| Story Supplement |

Unwrap the Magic

Special Chanukah Story Supplement

Fire Fright

Malka Grunhaus

I placed the small, delicate glass cup inside its holder, and lay the long, white candle in front of the menorah. Carefully, so as not to spill a drop, I poured the olive oil into the tiny cup, and topped it off with a white wick. There. The menorah was ready for Tatty to light. Flanking his tall silver menorah were two smaller ones, mirroring the way Chaim and Yisrael would stand next to Tatty when they lit. I was excited. The first night of Chanukah was probably my favorite time.

“Everyone ready to light?” Tatty’s loud voice echoed through the house, to the sound of half a dozen feet scrambling towars the dining room. Tatty approached his menorah, and pulled out the matchbox to light his shamash. With a hiss, the match burst into flame.

It was the flame at the tip of the small match that did it. My excitement from earlier seemed crushed under the fear in my throat. I backed up to the doorway, trying to get as far away from the fire as possible. Mommy shot me a curious glance. Why are you backing away? her gaze seemed to ask. We’re all here together. Please join us. But I couldn’t. I needed to be far away from that flame, couldn’t she see?

She couldn’t see, but I could. There, in my mind’s eye. It was the same place, the same scene, one year earlier:

(Excerpted from Mishpacha Jr., Issue 791)

One of a Kind

By Leeba Leichtman

“Akiva! You have a letter!”

Mail? For me?! I ran out of my room. (Ouch! I tripped over Efraim’s remote control car on the way—and went sprawling, of course. Lucky for Efraim that he wasn’t home then. Oh, man, that kid has got to start putting his things away.) Sliding down the banister, I coasted off neatly onto the hardwood front hall floor. Much better than my unflattering fall of thirty seconds ago.

“Here,” said Shana, who was sorting through the mail.

“Who’s it from?”

Shana laughed. “Well, look at it! That would be a good hint, wouldn’t it?”

I grinned. Shana’s like that. Of my five older sisters… Don’t tell this to Michal, Avigayil, Dassi, or Yehudis, but Shana’s my favorite. I mean, it helps that she drives me places and stuff, but she also just takes me seriously. Not just as a little kid — and not just as Efraim’s other half.

Oops, I left this teeny-weeny tidbit out: Efraim is my twin brother. But we’re soooo different. People think we look, “exactly alike!! Oh my, you darlings are just two peas in a pod, aren’t you?” No, random lady in the supermarket, we’re not. Actually, we’re fraternal, which means we aren’t identical and don’t share the same exact genes. We’re kind of like regular brothers, just born the same day. And yeah, we do look similar, but our whole family does. We all have that auburn-haired, green-eyed, freckled look (except Michal and Yehudis, who are blonde and blue-eyed like Abba). We all have similar features. Everyone says there’s a “Weinfeld family look” we all got stamped with. So why do they go crazy over me and Efraim? Mommy says it’s just because people get excited over twins and I should try to ignore it, but it’s hard. We haven’t dressed alike since we were six or seven, yet somehow, people still seem to call us, “the Weinfeld twins” and lump us together like we are… well, two peas in a pod. Which made getting my own letter so much more exciting.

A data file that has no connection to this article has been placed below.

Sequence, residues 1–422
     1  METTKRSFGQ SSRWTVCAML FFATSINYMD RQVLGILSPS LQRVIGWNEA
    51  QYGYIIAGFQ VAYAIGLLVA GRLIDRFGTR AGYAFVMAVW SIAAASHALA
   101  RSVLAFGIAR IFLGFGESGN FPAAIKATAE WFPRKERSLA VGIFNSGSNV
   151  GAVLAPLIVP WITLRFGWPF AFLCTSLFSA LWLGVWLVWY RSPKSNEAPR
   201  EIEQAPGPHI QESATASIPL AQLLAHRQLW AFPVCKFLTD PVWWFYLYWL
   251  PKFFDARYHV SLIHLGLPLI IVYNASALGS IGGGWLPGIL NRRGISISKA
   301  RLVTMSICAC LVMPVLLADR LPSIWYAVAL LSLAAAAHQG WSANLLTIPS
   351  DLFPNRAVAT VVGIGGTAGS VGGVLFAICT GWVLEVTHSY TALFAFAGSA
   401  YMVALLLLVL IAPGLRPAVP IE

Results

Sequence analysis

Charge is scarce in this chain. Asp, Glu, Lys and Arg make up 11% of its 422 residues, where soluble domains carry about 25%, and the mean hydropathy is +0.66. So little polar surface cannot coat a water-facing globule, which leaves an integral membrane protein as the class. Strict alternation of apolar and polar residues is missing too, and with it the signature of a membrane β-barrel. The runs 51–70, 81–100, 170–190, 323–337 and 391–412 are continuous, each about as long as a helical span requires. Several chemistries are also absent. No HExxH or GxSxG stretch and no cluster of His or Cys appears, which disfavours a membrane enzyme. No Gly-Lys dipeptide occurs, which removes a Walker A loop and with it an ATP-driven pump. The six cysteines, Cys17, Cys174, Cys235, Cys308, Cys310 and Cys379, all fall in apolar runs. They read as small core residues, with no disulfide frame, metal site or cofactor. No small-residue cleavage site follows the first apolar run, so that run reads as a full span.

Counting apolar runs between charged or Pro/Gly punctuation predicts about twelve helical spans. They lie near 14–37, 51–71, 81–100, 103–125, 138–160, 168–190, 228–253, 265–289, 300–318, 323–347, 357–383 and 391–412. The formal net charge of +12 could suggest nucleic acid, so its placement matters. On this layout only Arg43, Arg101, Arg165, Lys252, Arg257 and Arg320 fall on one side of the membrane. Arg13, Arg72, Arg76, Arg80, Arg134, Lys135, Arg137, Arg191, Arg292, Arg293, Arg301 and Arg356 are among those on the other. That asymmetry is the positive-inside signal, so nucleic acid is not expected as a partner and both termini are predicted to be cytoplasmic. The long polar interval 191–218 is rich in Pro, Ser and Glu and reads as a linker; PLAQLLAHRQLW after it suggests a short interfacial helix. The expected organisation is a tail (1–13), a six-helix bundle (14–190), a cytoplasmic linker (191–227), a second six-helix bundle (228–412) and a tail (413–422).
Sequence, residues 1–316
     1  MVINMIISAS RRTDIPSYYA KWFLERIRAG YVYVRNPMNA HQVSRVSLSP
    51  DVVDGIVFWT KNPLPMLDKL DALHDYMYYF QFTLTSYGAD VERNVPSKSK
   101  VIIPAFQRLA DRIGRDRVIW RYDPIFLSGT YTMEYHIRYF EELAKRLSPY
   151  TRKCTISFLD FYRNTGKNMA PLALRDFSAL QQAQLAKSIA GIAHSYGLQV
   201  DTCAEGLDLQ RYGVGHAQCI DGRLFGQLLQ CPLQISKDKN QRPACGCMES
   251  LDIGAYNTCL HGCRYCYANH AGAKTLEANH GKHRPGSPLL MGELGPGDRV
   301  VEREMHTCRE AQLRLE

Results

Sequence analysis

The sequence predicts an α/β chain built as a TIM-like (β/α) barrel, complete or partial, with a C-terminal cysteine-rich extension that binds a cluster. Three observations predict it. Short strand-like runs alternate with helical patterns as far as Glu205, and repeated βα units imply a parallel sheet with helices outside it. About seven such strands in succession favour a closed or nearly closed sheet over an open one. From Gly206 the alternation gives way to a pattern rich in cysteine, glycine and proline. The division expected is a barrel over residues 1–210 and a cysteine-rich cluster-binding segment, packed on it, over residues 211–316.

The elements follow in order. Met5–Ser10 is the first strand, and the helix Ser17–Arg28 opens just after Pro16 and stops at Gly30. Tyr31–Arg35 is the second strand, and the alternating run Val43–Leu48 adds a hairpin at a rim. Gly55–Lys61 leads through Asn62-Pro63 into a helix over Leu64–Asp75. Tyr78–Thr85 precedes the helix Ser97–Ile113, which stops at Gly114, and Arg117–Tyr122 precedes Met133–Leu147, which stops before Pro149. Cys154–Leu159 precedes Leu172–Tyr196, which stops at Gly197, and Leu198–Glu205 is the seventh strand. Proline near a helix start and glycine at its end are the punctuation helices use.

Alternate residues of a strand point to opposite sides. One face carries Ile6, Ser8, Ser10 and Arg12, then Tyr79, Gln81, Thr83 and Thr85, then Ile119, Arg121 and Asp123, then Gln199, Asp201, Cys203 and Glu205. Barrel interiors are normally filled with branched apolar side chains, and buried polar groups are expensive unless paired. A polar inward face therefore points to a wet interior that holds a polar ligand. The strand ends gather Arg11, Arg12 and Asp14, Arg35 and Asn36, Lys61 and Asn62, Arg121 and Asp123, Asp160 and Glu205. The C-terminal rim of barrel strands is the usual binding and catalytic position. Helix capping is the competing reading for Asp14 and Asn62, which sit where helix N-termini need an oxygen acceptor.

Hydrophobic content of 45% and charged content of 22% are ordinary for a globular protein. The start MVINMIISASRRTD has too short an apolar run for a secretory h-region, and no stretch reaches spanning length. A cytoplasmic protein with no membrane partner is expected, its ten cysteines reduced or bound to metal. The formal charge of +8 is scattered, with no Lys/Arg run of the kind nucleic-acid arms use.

(Excerpted from Mishpacha Jr., Issue 791)

Mystery in the Cave

Rochel Samet

“Free verse,” announced Mr. Farber, spreading his arms wide as if they were bird’s wings, “is just a fancy way of saying poetry that doesn’t rhyme.”

“What makes it a poem, then?” Sruly called out. A few boys snickered.

Mr. Farber waved his right hand up and down. “Raise your hand if you want to speak,” he said.

Sruly shrugged. “Ah, forget it. It’s not that important.”

Now the tittering was louder. Mr. Farber glared around the room and the noise stopped instantly. Dovi gave a last chuckle under his breath and rearranged his features to look serious. No point in giving ol’ Farber an excuse to assign extra homework.

“So now that we know what it means, we’re going to get creative!” Mr. Farber rubbed his hands together. “Take out a sheet of paper, don’t plan, just let your imagination get to work. I want at least six lines of free verse on the topic of... Chanukah!”

Mikey raised his hand. “But if it doesn’t have to rhyme, how do we know how long to make each line? Can it be a story? Approximately how many words? Can I do seven lines or does it have to be an even number?”

Mikey was the class question mark. Most of the boys laughed at him but were secretly grateful that he’d asked what they all wanted to know.

“No questions.” Mr. Farber said firmly, sitting down and taking out a pile of tests to grade. “This is a creative writing exercise, and there’s no right or wrong. Just do your best.”

Dovi rolled his eyes at the blank page. Now what?

Chanukah is a fun time, he wrote. Then he started a new line. One down, five to go.

It’s more fun than English class

It’s more fun than homework and tests

He scratched his chin and crossed off the words “and tests,” rewriting them as a separate line. Two more to go.

Mr. Farber suddenly loomed over his desk. “I’ll have that,” he said, grabbing the half-written free-verse non-rhyming poem. “Start over, and keep it focused on what you’re meant to be writing about. Chanukah.”

He strode over to the wastepaper basket. Dovi stuck out his tongue when the teacher’s back was turned.

“I thought there was no right or wrong,” he muttered.

(Excerpted from Mishpacha Jr., Issue 791)

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